As more fully discussed below in connection with FIG. 5, microprocessor 30 notes the time of the ignition event and compares the time between ignition events with a predetermined time corresponding to a predetermined cutoff speed, such as 1,000 rpm. When the elapsed time between the two ignition events is less than the predetermined time, microprocessor 30 outputs a signal on line 40 to gate on SCR 42, thereby limiting the switch control signals output by trigger coil 12 to 0.9 volts. The limiting of these signals to 0.9 volts shuts off the inductive ignition circuit, but still allows transistor 36 to be turned on and off, thus giving speed indication to processor 30.

Microprocessor 30 then outputs a signal on line 44 which gates on Darlington transistor pair 46. When Darlington transistor 46 is switched on, power from power source 52 is applied via line 54 to primary winding 20. After a preset dwell time, microprocessor 30 ceases the output of the control signal on line 44, thereby shutting off Darlington pair 46. Power from power source 52 is then terminated, causing primary winding 20 to be turned off. The turning off of primary winding 20 causes its magnetic flux field to collapse, resulting in a large voltage spike being generated by secondary coil 22 across spark plug 24.

The point at which the control signal is generated by microprocessor 30 on line 44 to turn on Darlington transistor 46 is determined by the magnitude of the current engine speed. Microprocessor 30 has a look-up table of stored optimal ignition advance values corresponding to a plurality of engine speeds. The point at which the primary winding is turned on by microprocessor 30 is determined by the optimal stored advance value corresponding to the engine speed. 0f course, the input from other sensors may be used to determine the amount of ignition advance, such as load and temperature sensors.

The preferred embodiment depicted and described in connection with FIGS. 1(a) through 1(b) allows a magneto inductive ignition circuit having a substantially fixed timing to start the engine and to charge the battery until a predetermined speed has been reached. At this predetermined speed, the inductive ignition circuit is turned off, and the microprocessor thereafter controls ignition timing. The microprocessor may be programmed to enable any selected degrees of ignition advance to occur, depending upon engine operating conditions. In the event that the battery or microprocessor should fail, the inductive ignition circuit would still enable the engine to be started and run.

FIGS. 2(a) through 2(d) are timing diagrams relating to the circuit depicted in FIGS. 1(a) and 1(b). FIG. 2(a) is a timing diagram for the signals present on line 34. FIG. 2(b) depicts the signal present on line 40. FIG. 2(c) depicts the signal present on line 54. FIG. 2(d) depicts the signal on line 44.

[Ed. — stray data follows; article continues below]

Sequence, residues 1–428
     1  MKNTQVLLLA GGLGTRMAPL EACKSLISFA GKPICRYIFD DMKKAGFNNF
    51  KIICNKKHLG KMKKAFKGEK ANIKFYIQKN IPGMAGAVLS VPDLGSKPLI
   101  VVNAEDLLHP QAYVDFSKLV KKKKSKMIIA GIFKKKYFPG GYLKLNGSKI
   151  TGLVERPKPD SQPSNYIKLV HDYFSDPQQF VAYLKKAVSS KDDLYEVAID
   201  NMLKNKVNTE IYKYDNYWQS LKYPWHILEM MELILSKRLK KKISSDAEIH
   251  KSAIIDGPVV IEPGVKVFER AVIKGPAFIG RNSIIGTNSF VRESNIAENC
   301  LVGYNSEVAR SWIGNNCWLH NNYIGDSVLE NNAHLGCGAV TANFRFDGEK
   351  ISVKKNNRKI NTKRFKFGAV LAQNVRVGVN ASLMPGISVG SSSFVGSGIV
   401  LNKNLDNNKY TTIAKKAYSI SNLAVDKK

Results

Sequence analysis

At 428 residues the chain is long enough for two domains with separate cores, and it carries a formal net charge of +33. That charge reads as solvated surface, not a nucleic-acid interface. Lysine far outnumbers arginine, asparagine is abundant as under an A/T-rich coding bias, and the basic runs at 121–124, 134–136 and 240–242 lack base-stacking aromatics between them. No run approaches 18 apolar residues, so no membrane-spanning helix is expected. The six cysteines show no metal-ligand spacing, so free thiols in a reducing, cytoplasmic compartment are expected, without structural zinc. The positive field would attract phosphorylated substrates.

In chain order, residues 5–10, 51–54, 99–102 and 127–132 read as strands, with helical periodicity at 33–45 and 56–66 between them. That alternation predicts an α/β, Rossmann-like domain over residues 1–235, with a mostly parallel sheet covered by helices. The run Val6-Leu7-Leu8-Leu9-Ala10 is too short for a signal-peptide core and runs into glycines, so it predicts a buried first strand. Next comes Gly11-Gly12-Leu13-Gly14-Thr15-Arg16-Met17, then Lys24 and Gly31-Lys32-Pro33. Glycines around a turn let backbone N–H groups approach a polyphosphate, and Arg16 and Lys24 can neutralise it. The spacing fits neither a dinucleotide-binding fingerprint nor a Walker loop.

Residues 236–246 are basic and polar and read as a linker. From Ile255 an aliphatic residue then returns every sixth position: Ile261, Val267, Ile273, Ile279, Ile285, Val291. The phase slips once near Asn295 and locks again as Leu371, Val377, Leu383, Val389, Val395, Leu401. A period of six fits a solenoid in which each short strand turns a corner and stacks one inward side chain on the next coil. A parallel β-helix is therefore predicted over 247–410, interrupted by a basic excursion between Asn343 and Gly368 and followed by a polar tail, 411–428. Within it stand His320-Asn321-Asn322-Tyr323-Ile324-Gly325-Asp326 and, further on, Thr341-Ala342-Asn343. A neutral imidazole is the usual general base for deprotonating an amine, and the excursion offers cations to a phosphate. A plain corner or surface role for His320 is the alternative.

FIGS. 3(a) and 3(b) depict a second embodiment of the present invention. In FIGS. 3(a) and 3(b), components having corresponding functions have been given the same numerical designations. The primary difference between the second embodiment and the first embodiment, depicted in FIG. 1(a) and 1(b), is that the magneto inductive ignition switching signals are not limited in the second embodiment. The inductive ignition circuit continues to fire after the engine has reached the predetermined cut-off speed; however, the fuel mixture has already ignited due to the microprocessor ignition system sparks, so that spark from the magneto ignition system has no effect. Combustion only occurs in response to signals from the microprocessor when the engine speed is above the predetermined cut-off speed.

In the second embodiment depicted in FIGS. 3(a) and 3(b), the same line 56 is used to both conduct signals from power source 52 to primary winding 20 in response to microprocessor control, as well as to carry signals indicative that primary winding 20 has been turned off in response to the induction ignition circuit. To minimize the likelihood of interference between the bidirectional signals on line 56, the firing of the ignition by the inductive ignition circuit must be at least 20 degrees away from the firing by the microprocessor-controlled ignition circuit.

Referring specifically to FIGS. 3(a) and 3(b), the inductive ignition circuit operates in a similar manner to that described above in connection with FIG. 1(b). However, voltage signals from trigger coil 12 are not limited at engine speeds above the predetermined speed. Also note that FIG. 3(a) depicts an optional stop switch 58, which may be a dead man control switch on a lawnmower handle, for example.

As in the first embodiment, magnet 10 and trigger winding 12 could be replaced by another power source, such as a magnet passing primary winding 20 or a battery.

FIG. 3(b) depicts a somewhat different sensing circuit from that depicted in FIG. 1(b). In FIG. 3(b), the sensing circuit includes a resistor 58, zener diodes 60 and 62, resistors 64 and 66, transistor switch 68, and a capacitor 70.

Transistor 68 is normally kept on between ignition firings. When the primary current goes negative, a signal present on line 56 passes through resistor 58 and zener diode 60 to turn off transistor 68. When transistor 68 is turned off, +5 volts is applied to pin 10 of microprocessor 30, indicating to the microprocessor that the ignition has fired. The time of the ignition firing is noted by microprocessor 30, and microprocessor 30 waits until another ignition firing occurs.